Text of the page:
Israel will hold an unprecedented third general election in less than a year after politicians again failed to form a majority coalition in parliament.
Members of the Knesset voted to set the election date for 2 March hours after a midnight (22:00 GMT) deadline passed.
Prime Minister Benjamin Netanyahu and his main rival, Benny Gantz, were unable to secure majorities following September’s inconclusive election.
The two leaders also could not agree on a power-sharing arrangement.
Mr Netanyahu’s legal problems were a big obstacle to negotiations. He was indicted on corruption charges last month.
In the end, Mr Gantz demanded that he promise not to seek parliamentary immunity from prosecution as a precondition for further talks.
In September, Mr Gantz’s centrist Blue and White alliance won 33 seats in the 120-member Knesset, while Mr Netanyahu’s right-wing Likud party got 32 seats.
With neither party able to build a coalition that could command a 61-seat majority, President Reuven Rivlin called on them to form a national unity government.
But the negotiations broke down over who would serve as prime minister first; Mr Netanyahu’s insistence that ultra-Orthodox parties allied to him be included; and Mr Gantz’s refusal to serve under a prime minister facing criminal charges.
Israel’s attorney general has charged with Mr Netanyahu with bribery, fraud and breach of trust in connection with three separate cases. He is alleged to have accepted gifts from wealthy businessmen and dispensed favours to try to get more positive press coverage.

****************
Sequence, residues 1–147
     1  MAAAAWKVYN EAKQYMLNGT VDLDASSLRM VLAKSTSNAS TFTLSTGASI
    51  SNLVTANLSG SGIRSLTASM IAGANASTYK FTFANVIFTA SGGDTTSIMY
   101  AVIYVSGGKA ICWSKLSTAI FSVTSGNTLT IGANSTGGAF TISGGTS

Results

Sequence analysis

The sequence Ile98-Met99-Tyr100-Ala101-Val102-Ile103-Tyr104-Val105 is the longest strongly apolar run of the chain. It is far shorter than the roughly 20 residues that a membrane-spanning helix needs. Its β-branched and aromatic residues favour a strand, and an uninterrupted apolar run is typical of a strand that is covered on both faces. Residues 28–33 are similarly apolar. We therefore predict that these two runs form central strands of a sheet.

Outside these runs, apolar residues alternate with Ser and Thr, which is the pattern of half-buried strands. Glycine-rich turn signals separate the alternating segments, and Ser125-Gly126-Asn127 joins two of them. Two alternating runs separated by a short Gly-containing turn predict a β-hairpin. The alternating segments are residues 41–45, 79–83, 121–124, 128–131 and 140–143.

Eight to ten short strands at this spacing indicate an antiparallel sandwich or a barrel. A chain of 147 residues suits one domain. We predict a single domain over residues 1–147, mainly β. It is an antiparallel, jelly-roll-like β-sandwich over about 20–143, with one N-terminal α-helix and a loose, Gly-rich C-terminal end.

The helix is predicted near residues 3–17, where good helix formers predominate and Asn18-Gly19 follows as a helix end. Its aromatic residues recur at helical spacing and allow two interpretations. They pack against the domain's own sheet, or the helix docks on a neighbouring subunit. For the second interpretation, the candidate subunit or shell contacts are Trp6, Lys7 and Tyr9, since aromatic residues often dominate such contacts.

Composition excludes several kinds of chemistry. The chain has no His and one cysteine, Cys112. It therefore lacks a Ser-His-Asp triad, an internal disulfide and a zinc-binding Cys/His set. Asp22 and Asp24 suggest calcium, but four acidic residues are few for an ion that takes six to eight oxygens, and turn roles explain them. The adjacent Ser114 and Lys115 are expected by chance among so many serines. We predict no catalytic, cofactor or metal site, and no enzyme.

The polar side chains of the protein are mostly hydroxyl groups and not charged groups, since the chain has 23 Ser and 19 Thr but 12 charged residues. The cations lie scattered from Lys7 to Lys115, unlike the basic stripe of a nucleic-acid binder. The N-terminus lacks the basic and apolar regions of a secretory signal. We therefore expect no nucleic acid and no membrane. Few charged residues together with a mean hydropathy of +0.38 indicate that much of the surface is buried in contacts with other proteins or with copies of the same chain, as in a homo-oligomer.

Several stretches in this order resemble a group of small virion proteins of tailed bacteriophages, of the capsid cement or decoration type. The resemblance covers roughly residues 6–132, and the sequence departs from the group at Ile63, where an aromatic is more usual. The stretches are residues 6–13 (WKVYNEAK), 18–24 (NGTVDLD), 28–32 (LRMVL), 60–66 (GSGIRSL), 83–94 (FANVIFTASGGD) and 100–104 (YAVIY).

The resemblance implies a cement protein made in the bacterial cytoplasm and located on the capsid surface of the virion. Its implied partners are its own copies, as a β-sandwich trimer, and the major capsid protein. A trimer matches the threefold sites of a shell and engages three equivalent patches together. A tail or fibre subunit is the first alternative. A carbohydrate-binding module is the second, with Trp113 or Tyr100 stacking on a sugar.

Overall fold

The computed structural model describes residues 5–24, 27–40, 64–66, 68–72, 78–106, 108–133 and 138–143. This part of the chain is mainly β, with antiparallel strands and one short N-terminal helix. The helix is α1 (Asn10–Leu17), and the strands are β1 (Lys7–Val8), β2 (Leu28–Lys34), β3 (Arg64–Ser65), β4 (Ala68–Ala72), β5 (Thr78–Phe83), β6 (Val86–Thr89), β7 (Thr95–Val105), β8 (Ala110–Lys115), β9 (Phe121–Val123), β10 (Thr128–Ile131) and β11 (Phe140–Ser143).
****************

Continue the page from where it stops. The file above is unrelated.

The prime minister has denied any wrongdoing and described the charges as an “attempted coup”, blaming them on a “tainted” process.
Mr Netanyahu has not yet announced whether he will ask parliament to grant him immunity from prosecution. But most analysts believe he is hoping to improve his chances of obtaining immunity with a third election.
Ahead of Wednesday’s deadline for any member of the Knesset to form a majority coalition, the prime minister released a video accusing Blue and White of “creating a flood of political spin”.
“They want to hide the fact that they did everything possible to avoid the establishment of a broad national unity government that would annex the Jordan Valley, apply Israeli sovereignty on the settlements in Judea and Samaria,” he said, referring to the occupied West Bank.
“They forced new elections on us. It is unnecessary and in order to avoid it happening again there is one thing to do and that is to win, and win big – and that is what we’ll do.”
In response, Blue and White suggested on Twitter that Mr Netanyahu “save a few lies for the campaign”.
Yair Lapid, Mr Gantz’s deputy, earlier told a debate in the Knesset: “What used to be a celebration of democracy has become a moment of shame for this building.”
“There are only three reasons for this election – bribery, fraud and breach of trust.”
It is not clear if another election will break the deadlock. An opinion poll published by Israel’s Channel 13 News on Tuesday suggested that Blue and White would win 37 seats and Likud 33 seats.
Mr Netanyahu will also face a challenge from within Likud, which said on Wednesday that it was likely to hold a leadership primary on 26 December.
Former Interior Minister Gideon Saar, who intends to stand, tweeted: “There is a national need for a breakthrough that will end the ongoing political crisis, enable the formation of a strong government, and to unite the people of Israel.”